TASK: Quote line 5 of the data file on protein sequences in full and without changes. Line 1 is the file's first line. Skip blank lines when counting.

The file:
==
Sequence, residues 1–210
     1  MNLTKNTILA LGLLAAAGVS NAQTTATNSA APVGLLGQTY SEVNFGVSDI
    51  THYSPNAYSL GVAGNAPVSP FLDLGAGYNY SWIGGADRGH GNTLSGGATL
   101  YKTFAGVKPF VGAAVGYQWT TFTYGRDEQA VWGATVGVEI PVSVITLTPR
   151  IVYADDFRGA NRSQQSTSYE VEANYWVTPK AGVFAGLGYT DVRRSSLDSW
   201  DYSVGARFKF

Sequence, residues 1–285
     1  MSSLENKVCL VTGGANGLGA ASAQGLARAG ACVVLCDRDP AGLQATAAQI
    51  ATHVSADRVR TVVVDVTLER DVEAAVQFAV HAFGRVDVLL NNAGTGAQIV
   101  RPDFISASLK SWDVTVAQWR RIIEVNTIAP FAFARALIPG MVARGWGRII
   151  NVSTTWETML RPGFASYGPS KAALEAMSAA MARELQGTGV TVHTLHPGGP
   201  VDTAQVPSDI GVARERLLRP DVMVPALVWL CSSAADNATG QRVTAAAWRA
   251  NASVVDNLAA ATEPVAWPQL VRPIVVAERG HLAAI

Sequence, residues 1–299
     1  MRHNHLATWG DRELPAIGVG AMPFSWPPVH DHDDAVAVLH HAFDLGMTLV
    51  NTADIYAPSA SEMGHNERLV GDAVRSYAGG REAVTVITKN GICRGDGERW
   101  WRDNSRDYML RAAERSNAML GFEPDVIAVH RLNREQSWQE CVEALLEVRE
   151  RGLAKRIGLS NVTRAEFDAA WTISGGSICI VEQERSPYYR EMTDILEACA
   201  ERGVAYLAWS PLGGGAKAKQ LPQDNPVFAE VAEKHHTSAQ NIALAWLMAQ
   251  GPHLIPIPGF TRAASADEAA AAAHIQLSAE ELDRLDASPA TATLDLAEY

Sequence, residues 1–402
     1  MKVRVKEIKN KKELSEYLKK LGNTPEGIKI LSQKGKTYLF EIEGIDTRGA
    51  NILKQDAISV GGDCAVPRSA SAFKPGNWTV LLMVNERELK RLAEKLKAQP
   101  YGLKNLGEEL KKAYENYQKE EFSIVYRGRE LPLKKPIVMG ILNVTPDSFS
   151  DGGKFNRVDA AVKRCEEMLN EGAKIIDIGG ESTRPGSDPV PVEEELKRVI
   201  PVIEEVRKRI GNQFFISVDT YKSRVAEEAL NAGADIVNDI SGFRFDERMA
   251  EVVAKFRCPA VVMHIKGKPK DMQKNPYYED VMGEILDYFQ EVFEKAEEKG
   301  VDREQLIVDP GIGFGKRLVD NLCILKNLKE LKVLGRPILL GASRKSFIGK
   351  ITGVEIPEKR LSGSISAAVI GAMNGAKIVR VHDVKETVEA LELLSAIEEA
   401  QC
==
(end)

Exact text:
   151  IVYADDFRGA NRSQQSTSYE VEANYWVTPK AGVFAGLGYT DVRRSSLDSW